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Validating Nokia's IP Routing & Mobile Gateway VNFs

Introduction and executive summary
In late 2015, Light Reading commissioned EANTC to perform an independent evaluation of a range of Nokia's virtualized routing and gateway functions.

EANTC tested the Virtualized Service Router (VSR) for virtual Provider Edge (VSR-PE) and virtual Route Reflector (VSR-RR) applications. In addition, Nokia's Virtualized Mobile Gateway (VMG) was tested for various applications -- virtual System Architecture Evolution (SAE) Gateways (VMG-SAEGW), specifically Serving Gateway and Packet Data Network Gateway, and virtual Evolved Packet Data Gateway (VMG-ePDG).

EANTC validated performance, scalability and high availability capabilities in realistic test scenarios. Our team developed a detailed, reproducible test plan and executed the tests on site at Nokia's labs in Mountain View, Calif., in December 2015 and January 2016.


As we have all seen during the past few years, one of the main trends in the telecom industry is for vendors to create virtual versions of networking solutions that were formerly sold exclusively as hardware products or appliances. All of the major network equipment manufacturers offer virtual network function (VNF) versions of their product portfolio, responding to demand from their communications service provider (CSP) customers.

At EANTC, two questions guide our current evaluations of VNFs. First, how does a vendor such as Nokia re-architect software originally designed for purpose-built platforms to leverage the potential of NFV and cloud infrastructure while still meeting carrier-grade levels of scalability and resiliency? Second, how ready is a VNF solution in its entirety for real-world deployments that require functionality, performance, high availability and manageability in complex environments?

Such evaluations also provide an opportunity for the advance of test scenarios. In this exciting, fast-moving market, each test project is an opportunity to evolve test methodology beyond established rules: This report documents new test methods for virtual Provider Edge (vPE) and virtual Route Reflector (vRR) performance. EANTC will share the new test methods with the appropriate NFV standards bodies.

Executive summary
The key takeaways from the evaluation are as follows:

  • Nokia's VSR showed superior throughput in large-scale services scenarios using Nokia's virtual forwarding path (vFP) technology. The ability to simultaneously support a large number of Ethernet, IPv4 and IPv6 flows validates the readiness of these VNFs for real world deployments.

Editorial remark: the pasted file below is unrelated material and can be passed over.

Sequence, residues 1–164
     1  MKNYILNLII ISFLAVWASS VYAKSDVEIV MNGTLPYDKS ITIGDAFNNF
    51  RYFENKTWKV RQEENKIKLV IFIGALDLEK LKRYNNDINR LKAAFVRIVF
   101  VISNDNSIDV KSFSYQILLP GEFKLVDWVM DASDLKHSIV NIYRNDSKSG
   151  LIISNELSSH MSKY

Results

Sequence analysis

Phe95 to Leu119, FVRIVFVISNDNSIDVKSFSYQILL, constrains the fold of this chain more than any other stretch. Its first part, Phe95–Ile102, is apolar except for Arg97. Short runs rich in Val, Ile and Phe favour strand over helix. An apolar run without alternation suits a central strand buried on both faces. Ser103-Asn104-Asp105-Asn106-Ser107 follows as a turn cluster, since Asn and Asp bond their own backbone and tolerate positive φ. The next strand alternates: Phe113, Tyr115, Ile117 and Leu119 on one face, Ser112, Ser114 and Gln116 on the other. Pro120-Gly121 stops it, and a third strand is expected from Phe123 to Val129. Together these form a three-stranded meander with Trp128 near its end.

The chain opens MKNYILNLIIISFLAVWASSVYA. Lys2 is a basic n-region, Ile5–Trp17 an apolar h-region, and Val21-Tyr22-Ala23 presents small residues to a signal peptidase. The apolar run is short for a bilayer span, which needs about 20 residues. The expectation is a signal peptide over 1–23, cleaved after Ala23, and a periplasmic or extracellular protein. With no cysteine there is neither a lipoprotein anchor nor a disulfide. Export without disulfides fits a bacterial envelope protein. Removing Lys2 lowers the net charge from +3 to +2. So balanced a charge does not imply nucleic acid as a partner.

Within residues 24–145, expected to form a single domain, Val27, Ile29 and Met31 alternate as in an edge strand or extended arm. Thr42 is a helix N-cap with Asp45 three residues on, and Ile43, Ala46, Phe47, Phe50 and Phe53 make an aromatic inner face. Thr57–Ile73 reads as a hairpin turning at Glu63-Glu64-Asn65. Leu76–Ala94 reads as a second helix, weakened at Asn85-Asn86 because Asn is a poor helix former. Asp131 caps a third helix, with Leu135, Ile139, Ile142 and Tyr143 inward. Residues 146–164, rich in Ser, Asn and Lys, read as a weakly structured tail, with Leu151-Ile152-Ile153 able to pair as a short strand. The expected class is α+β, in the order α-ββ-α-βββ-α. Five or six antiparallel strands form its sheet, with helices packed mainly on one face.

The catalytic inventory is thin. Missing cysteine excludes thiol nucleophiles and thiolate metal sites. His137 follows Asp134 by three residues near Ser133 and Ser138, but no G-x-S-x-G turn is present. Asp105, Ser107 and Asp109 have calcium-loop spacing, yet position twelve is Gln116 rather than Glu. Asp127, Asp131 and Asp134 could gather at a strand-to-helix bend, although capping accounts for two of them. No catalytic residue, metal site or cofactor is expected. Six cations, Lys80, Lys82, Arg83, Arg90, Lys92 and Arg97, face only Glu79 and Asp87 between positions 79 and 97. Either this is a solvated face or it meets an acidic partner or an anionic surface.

• The VSR showed high throughput and scale even when multiple IP routing/MPLS and VPN services functions were enabled concurrently. High performance and scalability are crucial when deploying VNFs for delivery of business, mobile and residential services. EANTC evaluated how VSR can recover from compute node failures and how VSR can operate reliably during distributed denial of service (DDOS) attacks.

  • VSR-RR demonstrated extremely fast route convergence in large-scale, realistic scenarios, enabling new use cases for IPv4 and Ethernet VPN route management.

  • VMG (as SAEGW and ePDG) proved flexible support for large-scale mixed Internet of Things (IoT) and consumer environments. Modular scalability and high performance were demonstrated for number of subscribers, throughput, session attachment rates and WiFi handover.

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    dwx 2/19/2016 | 5:17:16 PM
    Re: Is this good for the planet? The datacenter is no different from any other peak-capacity designed element.  It will be busy during its peak times and idle off peak.  There is functionality built into routers these days to shut off unused ports, ASICs, etc. if you want to during idle periods.   

    Broadcom sure, that's an NPU, but once you start throwing NPU functionality into a server, is it really a server anymore?   In the end we'll likely end up with NFV-optimized devices which are pretty much the same as the virtualized firewalls, routers, etc. we've had for years now. The trick is it being commodity hardware like we've seen with white box switches to keep the HW component cost low and the HW being open to run different operating systems on the HW.